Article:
HT: No, I don’t think it’s a good thing. You spend way too much money on a game like that.

1UP: So was the budget for EarthBound much larger than other games at the time?

HT: I don’t know the detailed numbers or anything, but I feel like Nintendo probably thought that [EarthBound creator] Shigesato Itoi is a very interesting person to invest in, I guess? So they probably did have some kind of a large budget for that.

1UP: That game has a really loyal, cult following in America. Does it have that same sort of reputation in Japan, or is it… How is it viewed here? How do people look back on that game?

HT: It might be pretty similar in Japan, too. The Mother [Japanese title for EarthBound] fans are kind of unique. They don’t really overlap with Zelda or Final Fantasy or Dragon Quest fans. They don’t bond too much.

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HT: There’s the Dragon Quest fans and the Final Fantasy fans… Mother’s fanbase is not that big, so that groups is smaller. But there’s a little overlap here. Getting smaller and smaller… If you talk about atmospheres, the Mother atmosphere, I was trying to make something different from the Dragon Quest or the Final Fantasy atmosphere.

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1UP: Just wanted to return very quickly to that other question, talking about the eight-year thing… Obviously it’s bad financially, but from a creative perspective, is it good or bad? Do you start to second-guess yourself? Or do you have more time to improve the game?

HT: I see it, in a creative way, as a good thing, because you have a lot of time to experiment with things. There are still a lot of Mother fans, people who are fans of the series to this day, and that’s probably because we had a lot of time to experiment with things and make something really creative.

1UP: Moving on, I’d like to talk a little bit about Creatures. Were you one of the founders of the company, or did you come into Creatures later, after it had been around a little while? I know it’s about 15 years old now…

HT: I’m the company’s second president, so I wasn’t the founder of the company. The company has been around for 15… It’s their 16th year. But he’s been the president of the company for 10 years.

1UP: Can you explain how the Pokémon ownership situation works? I’ve asked people at Nintendo of America and they can’t really explain it to me. I know there’s Creatures, there’s Game Freak, there’s Nintendo, there’s the Pokémon Company, but I don’t know exactly which company does what and who plays what role. It’s all very confusing…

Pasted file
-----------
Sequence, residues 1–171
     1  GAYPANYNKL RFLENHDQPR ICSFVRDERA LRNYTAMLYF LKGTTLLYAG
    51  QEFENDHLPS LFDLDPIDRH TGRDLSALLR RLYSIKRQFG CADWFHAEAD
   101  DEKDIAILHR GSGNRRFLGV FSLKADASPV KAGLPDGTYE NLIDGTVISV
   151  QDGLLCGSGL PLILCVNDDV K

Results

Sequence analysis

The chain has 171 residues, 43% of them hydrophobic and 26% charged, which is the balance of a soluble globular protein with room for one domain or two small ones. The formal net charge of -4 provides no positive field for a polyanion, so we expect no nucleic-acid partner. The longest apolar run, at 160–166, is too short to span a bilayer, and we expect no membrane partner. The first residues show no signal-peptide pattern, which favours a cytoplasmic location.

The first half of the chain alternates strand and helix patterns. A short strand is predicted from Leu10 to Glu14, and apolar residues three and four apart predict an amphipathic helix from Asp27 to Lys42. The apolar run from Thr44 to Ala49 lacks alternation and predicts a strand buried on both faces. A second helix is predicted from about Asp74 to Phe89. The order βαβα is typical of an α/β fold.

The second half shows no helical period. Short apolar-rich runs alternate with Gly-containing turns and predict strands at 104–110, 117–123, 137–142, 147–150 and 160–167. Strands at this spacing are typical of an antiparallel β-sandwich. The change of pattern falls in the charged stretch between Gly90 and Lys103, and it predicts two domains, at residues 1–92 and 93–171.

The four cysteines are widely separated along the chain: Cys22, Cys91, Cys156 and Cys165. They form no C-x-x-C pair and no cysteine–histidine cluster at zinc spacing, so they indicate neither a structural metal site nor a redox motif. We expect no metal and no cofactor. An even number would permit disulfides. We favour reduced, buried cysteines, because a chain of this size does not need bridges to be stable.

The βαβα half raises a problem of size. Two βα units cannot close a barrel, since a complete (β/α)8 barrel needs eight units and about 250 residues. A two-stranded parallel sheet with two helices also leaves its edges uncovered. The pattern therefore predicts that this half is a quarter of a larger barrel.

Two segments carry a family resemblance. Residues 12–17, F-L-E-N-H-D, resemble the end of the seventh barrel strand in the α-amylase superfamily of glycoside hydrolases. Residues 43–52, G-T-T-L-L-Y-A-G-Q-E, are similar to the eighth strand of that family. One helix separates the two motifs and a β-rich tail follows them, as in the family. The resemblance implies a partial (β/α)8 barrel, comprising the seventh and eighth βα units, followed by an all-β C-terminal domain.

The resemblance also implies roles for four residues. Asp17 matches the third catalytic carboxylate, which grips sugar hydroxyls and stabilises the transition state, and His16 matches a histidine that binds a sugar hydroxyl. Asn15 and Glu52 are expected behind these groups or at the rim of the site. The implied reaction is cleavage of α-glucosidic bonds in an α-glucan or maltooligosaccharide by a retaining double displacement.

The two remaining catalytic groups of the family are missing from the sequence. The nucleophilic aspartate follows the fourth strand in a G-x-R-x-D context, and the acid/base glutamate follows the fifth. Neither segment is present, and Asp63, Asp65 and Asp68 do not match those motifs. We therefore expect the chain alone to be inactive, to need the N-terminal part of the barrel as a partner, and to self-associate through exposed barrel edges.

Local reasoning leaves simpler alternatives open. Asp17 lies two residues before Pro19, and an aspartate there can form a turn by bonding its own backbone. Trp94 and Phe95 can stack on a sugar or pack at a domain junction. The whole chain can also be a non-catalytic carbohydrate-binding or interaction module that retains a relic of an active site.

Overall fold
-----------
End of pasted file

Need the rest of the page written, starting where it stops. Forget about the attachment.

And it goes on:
HT: So Game Freak and Creatures are the developers, and Nintendo is the publisher. The Pokémon Company is like the producer, they’re the agency of the franchise.

1UP: So they don’t actually create the games, they sort of are the public face…?

HT: The Pokémon Company would be like the face of the franchise, yes. They talk with Nintendo and decide schedules and things like that.

1UP: What creative role would you personally, and Creatures in general, play in the creation of each game? You said that Creatures and Game Freak are the developers, but how does that break down exactly? Who does what when you create a new Pokémon game?

HT: The mainstream games are created by Game Freak, and then Creatures creates the card games, mainly. But the games that Game Freak doesn’t create, Creatures often works on. The 3D modeling for Pokémon is all created within Creatures, too. The 3D modelings will be used in the card games, in the actual games, in commercials, everything else.

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1UP: Do you play a role in the design and the development of new monsters, or is that done at Game Freak?

HT: Game Freak thinks up the original monsters, the creatures.

1UP: Why is Creatures a separate company from Game Freak?

HT: Originally, Game Freak was making the games and Creatures was the production company. Creatures were the people talking to Nintendo about stuff. Because they were playing different roles, that’s probably why they were different companies. The Pokémon Company is in charge of bringing the franchise to the movies and anime and stuff like that. Nintendo isn’t related to that part at all. That’s why it’s so complicated and there’s so many companies involved.

1UP: Were you involved with the original development of Pokémon, back when it was first being created? You said you were responsible for the creation of the Game Boy link cable, and the link cable was sort of the lifeblood of Pokémon, so did you have any involvement with [Pokémon creator Satoshi] Tajiri’s work before Pokémon became the big phenomenon that it is?

HT: I wasn’t involved in the creation of the original Pokémon at all, but I’m good friends with Tajiri-san. Tajiri-san created a few games for Gumpei Yokoi back in the days. Yokoi-san was my boss, so I was really close to Tajiri-san when we were all creating games together. I’ve been good friends with him since.

1UP: Were you aware of Pokémon before it launched, when it was in development? I know it was being worked on for a very long time, so did you know about this game that Mr. Tajiri was working on?

HT: Yeah, I knew about it back then.

1UP: What did you think about it at the time? I don’t think you could have expected it would become the huge phenomenon it is now…

HT: I knew it was a new type of RPG, but yeah, along with other people, I didn’t think it would become a massive hit like it became. I never heard anyone predict that Pokémon would be a big hit, or that the NES would be a big hit, or that the Game & Watch would be a big hit, or even the Game Boy. I never heard anyone predict that they’d become big hits. I asked people at Nintendo of America, I showed them Pokémon and asked them if they thought it would become popular. And nobody said it would. They’d just say, “Hmm, don’t think so.” But it became a really big hit in America, too.